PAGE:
Miguel Bosé (Panama City, 66 years old) said in the interview that Jordi Évole did a couple of years ago that inside him there were two personalities: the intimate, personal and calm one, which he called Miguel, and the darker one. and wild, which he called Bosé. In ‘Bosé’, the series that arrives in Spain on March 3 through SkyShowtime, the latter is barely glimpsed, at least in the first two episodes.
Articulated in six chapters, each one dedicated to a song -it has little to do with that pharaonic project of three seasons of eight episodes each, which was going to cover three different stages of the artist’s life-, ‘Bosé’ is a Authorized biopic that does not shy away from praising its protagonist and jumps between the two stages, that of youth, in which the character is played by José Pastor, and that of maturity, with Iván Sánchez in the role of Bosé, establishing certain parallels and conclusions.
The narration is backed by the voice-over of Iván Sánchez, who in the first person gives voice to Miguel’s reflections on his life, what it means to go on stage, love affairs, his relationship with his parents, fatherhood or the endless tours far from home and at the same time puts the viewer in context about what they are going to see.
‘Linda’, the theme that Miguel Bosé released in 1977, gives the title to the first of the episodes of the fiction, which from the first moment situates who will be one of the great villains of the show: his father, the bullfighter Luis Miguel Dominguín . Brilliantly played by Nacho Fresneda -he even replied to the way he held his cigarette-, the emasculating and dominant attitude of this alpha male oozes almost in every frame, placing Bosé as the victim in a parent-child relationship that, little by little, He balances his forces, as the young man becomes increasingly clear that his thing is to be an artist. There are no surprises, then, in this section. ‘Bosé’ sins of being Manichean and of an absolute lack of nuances. “You play two little roles and you already think you are an actor,” the bullfighter blurts out to his son after confessing that he wants to try to be an actor. “You were not born to be an office worker,” says his mother Lucía Bose, played by Valeria Solarino.
And Miguel grabs that suitcase full of dreams that his tata (Alicia Borrachero) has packed for him and leaves the Somosaguas chalet, where he lives with his parents, to Sicily, in the mid-seventies where he begins his career as an actor. It is there where the first shadows of a character who is in love to the core begin to be drawn. He falls in love with Barbara, one of the supporting actresses in his new film, but flirts with the leading lady, with whom he has bed scenes, and sleeps with an Italian politician almost twice his age. “I failed to be faithful,” the voiceover mutters. But there is no darkness, nor savagery, it is pure sexual awakening, picaresque, mischief and sensuality. This is at least how Isabel Vázquez, Ángeles González Sinde and Boris Izaguirre, writers of the series, describe it to the viewer.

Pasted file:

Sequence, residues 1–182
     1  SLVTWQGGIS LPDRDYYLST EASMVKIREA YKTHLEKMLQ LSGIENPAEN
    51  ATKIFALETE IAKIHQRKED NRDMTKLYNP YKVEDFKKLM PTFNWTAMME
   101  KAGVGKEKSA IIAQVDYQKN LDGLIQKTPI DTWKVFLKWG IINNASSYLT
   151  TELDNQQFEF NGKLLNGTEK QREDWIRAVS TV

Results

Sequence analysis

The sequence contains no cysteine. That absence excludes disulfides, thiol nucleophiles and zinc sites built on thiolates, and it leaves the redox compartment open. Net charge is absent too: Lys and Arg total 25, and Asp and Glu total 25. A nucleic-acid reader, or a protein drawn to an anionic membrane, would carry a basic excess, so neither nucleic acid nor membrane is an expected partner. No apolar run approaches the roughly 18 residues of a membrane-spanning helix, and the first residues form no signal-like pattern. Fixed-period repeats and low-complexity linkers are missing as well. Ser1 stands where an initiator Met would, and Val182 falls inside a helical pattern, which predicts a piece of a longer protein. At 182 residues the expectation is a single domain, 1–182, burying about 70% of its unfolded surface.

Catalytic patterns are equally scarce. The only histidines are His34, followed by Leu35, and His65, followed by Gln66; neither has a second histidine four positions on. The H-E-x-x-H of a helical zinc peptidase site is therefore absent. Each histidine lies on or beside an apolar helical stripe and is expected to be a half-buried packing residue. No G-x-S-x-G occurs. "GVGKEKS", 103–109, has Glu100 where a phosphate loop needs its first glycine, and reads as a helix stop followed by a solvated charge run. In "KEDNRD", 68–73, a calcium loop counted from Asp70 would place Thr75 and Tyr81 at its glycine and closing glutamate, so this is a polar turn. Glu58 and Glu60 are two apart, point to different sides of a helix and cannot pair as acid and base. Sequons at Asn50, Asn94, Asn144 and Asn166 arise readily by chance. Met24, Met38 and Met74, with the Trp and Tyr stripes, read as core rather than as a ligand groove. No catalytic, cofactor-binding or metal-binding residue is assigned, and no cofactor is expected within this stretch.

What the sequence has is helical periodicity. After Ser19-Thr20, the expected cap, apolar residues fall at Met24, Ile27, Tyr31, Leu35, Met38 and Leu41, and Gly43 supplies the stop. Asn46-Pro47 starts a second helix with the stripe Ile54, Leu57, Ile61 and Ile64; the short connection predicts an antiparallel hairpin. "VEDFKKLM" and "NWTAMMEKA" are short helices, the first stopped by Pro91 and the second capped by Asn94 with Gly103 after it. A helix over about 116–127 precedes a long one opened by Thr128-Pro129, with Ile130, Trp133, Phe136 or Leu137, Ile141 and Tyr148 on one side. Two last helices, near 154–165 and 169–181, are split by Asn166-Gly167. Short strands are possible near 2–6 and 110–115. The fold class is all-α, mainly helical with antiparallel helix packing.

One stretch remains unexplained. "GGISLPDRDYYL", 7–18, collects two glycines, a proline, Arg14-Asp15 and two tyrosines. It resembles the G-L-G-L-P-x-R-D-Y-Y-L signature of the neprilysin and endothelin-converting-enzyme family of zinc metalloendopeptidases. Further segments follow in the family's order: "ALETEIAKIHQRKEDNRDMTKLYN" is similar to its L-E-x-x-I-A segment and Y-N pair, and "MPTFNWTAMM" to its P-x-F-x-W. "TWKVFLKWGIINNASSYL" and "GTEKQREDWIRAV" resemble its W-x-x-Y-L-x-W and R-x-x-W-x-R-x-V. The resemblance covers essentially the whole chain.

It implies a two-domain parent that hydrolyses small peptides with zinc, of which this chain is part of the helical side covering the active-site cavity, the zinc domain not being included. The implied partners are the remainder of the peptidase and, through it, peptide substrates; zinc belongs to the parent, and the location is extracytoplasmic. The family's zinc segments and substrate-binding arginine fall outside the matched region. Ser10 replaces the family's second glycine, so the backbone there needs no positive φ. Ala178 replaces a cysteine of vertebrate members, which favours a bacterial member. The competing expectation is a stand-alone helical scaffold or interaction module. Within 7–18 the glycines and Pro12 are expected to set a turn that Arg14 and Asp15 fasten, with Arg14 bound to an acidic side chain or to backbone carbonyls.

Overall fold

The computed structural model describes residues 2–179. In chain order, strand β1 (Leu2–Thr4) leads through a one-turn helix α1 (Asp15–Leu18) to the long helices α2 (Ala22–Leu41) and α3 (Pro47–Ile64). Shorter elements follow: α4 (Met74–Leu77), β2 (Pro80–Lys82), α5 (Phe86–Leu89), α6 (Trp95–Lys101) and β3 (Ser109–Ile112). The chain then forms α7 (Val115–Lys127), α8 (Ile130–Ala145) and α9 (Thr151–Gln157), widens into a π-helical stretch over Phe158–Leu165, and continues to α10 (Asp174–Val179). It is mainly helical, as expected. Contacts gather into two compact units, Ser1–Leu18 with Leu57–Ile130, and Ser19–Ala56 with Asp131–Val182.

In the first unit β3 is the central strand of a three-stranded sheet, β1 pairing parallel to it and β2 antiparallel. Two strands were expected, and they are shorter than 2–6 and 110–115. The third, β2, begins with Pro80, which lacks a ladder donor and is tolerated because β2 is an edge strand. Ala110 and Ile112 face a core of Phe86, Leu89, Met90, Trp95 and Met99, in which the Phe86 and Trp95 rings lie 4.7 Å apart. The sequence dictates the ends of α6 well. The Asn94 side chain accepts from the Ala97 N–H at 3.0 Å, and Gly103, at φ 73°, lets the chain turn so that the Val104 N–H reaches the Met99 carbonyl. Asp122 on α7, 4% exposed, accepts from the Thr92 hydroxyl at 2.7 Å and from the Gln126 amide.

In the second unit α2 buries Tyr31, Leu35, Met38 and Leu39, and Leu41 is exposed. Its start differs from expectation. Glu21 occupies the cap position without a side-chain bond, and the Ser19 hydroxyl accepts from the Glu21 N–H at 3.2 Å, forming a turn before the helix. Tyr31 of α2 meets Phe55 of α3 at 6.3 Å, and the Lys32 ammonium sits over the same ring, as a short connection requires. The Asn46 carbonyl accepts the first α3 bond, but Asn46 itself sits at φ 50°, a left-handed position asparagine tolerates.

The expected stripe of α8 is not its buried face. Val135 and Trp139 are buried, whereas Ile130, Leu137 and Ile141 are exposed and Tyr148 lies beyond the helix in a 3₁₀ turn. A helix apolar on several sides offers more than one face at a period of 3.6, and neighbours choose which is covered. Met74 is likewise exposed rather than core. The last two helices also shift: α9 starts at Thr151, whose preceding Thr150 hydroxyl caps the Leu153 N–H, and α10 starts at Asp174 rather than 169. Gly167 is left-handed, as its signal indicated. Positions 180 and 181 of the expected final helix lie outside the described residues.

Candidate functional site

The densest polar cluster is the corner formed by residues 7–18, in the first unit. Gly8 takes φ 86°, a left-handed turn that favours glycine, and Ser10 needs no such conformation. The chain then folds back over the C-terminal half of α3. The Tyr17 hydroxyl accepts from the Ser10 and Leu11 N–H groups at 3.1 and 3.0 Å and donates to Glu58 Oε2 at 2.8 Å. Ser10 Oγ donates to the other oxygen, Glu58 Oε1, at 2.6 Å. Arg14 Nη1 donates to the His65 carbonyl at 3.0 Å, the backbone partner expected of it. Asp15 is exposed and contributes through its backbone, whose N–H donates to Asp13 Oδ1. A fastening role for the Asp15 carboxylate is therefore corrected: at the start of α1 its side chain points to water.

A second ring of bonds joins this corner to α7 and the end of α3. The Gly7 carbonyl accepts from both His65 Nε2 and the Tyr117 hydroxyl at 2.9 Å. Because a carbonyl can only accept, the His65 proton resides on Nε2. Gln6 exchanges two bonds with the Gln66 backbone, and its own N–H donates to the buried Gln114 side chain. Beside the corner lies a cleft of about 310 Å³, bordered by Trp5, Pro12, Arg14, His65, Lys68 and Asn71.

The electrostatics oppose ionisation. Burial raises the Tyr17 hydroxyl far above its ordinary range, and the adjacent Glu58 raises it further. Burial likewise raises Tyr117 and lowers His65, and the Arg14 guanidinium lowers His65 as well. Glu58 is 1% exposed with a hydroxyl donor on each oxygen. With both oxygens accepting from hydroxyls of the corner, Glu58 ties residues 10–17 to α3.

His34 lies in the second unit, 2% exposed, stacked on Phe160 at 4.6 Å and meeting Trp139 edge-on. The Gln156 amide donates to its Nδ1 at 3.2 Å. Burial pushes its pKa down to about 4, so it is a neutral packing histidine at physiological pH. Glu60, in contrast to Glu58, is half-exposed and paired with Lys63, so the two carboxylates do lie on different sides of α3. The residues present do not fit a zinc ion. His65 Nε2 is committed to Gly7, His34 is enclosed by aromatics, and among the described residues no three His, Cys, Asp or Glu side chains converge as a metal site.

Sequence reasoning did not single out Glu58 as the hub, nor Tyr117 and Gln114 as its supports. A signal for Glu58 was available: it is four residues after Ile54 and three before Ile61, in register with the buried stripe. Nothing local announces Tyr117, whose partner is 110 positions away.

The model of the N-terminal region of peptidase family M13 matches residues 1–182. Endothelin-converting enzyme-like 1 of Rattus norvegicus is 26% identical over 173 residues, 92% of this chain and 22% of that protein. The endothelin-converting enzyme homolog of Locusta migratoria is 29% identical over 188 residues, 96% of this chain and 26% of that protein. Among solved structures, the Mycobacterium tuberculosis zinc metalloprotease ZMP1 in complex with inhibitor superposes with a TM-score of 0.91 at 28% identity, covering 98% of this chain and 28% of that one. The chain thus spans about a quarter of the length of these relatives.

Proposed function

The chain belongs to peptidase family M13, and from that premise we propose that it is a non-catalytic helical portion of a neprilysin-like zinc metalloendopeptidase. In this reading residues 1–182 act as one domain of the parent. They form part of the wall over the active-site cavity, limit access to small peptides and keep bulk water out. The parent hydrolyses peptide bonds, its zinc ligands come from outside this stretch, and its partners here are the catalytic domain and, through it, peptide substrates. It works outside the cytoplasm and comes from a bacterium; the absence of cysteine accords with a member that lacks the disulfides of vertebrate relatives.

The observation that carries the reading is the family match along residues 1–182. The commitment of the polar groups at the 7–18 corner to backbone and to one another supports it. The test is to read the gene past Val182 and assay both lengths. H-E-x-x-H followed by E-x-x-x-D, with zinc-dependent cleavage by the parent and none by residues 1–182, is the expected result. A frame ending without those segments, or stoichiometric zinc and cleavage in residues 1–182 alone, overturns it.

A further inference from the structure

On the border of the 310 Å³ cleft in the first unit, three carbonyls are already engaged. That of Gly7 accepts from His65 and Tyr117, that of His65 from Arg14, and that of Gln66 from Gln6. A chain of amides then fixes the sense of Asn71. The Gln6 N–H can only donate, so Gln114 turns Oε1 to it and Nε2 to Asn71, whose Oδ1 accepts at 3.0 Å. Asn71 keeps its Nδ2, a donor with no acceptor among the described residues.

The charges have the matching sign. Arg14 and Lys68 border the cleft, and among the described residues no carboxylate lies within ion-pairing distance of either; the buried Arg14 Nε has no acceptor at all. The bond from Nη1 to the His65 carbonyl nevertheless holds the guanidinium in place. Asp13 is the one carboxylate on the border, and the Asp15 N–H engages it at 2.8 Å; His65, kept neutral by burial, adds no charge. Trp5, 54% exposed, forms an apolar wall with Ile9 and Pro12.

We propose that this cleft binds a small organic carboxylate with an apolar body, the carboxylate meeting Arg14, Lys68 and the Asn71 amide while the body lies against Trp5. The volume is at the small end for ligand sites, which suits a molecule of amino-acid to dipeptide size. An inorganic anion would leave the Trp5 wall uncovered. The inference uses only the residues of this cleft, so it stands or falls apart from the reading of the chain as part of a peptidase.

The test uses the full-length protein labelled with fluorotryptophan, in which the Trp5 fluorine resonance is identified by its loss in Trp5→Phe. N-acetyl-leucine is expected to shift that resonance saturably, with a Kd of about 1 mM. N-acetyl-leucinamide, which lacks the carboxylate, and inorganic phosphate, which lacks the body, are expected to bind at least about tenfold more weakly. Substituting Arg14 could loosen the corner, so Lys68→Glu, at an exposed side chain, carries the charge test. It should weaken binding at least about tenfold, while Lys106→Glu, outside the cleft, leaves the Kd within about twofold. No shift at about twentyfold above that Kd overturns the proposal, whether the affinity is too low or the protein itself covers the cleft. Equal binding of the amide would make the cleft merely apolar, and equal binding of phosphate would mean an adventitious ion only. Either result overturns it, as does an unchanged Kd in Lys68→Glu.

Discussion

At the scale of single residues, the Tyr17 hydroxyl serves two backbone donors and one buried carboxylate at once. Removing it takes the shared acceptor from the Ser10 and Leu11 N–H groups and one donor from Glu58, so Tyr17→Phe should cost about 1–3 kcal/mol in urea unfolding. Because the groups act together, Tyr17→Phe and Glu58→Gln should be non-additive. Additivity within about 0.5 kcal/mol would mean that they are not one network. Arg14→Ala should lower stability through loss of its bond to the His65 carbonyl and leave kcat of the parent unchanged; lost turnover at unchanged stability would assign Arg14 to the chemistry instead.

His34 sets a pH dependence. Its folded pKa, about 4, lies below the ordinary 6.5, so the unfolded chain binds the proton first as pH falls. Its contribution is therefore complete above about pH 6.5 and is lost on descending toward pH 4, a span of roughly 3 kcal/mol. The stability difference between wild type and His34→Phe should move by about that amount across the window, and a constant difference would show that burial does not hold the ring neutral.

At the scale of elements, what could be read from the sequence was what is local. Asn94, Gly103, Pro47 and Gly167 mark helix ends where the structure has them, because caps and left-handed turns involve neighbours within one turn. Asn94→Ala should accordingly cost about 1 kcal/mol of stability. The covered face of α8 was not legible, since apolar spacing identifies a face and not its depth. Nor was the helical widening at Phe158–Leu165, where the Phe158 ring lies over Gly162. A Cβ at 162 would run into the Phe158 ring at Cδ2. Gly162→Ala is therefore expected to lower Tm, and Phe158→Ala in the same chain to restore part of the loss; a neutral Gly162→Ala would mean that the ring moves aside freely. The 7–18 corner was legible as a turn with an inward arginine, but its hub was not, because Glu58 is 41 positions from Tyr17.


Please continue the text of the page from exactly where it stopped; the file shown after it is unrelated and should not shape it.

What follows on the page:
Fed up with his parents using him to attack each other and advised by his friend and manager Rosa Lagarrigue (Ana Jara), he ends up accepting the offer from the CBS record company to launch his career as a singer. But Bosé is a rebel. They ask him for masculinity and elegance, but he insists on dancing and dressing casually; They ask him for restraint, but he doesn’t hesitate to tell ‘Super Pop’ that he is bisexual. He thus reaches the end of the first chapter, which concludes with the performance on April 26, 1977 at Florida Park in Madrid, before his parents, who made him known as a singer to all of Spain.
In this way, the viewer will attend different milestones in the artist’s career: from his irruption in Latin America from his performance at the Viña del Mar in Chile on February 23, 1981 -yes, that 23-F-, until his paternity with Nacho Palau. Be careful, the character of Bosé is not a candid soul, who has not broken a plate. He often brings out his bad temper, especially with Rosa, his manager, but the writers have built the image of a hero, an artist who fights against adversity, who falls and gets up again and who never seems to be wrong, leaving the consequences of their actions to the viewer’s imagination. He is not strange. After all, behind the fiction directed by Miguel Bardem and Fernando Trullols is the producer Shine Iberia, the same company that has managed with ‘Cover Night’ to have Bosé return as a jury to a program on RTVE’s La 1.
Despite the absence of gray areas, the script for the biopic ends up being attractive, perhaps because of delving into the life of a successful artist now that he is at a low point due to his hoarseness and his controversial statements about the covid, and it goes to the point , which is much more than can be said for similar proposals. Although some of the dialogues can be unintentionally funny, like that “a bullfighter never asks for forgiveness” that Dominguín snaps at his son after a tough sequence with Ana Obregón, he is one of those who are not forgotten.
With a decent setting but a lack of resources -trying to pass off the Madrid of the Habsburgs as Rome is already hard, but the recreation of New York in the style of a theme park cries out to heaven-, the fiction does not visually attract attention despite the efforts of Miguel Bardem and Fernando Trullols in the direction. Undoubtedly the best thing is the enormous acting effort of its protagonists. José Pastor and Ivan Sánchez have perfectly captured the essence of Miguel Bosé. The first is restless, jovial, spasmodic; the second rested, intense, but both maintain an exemplary balance, without falling into caricature. ‘Bosé’ is not a jewel, but it is entertaining and the fans will really like it. Almost as much as Bosé himself.
Eddie is an Australian news reporter with over 9 years in the industry and has published on Forbes and tech crunch.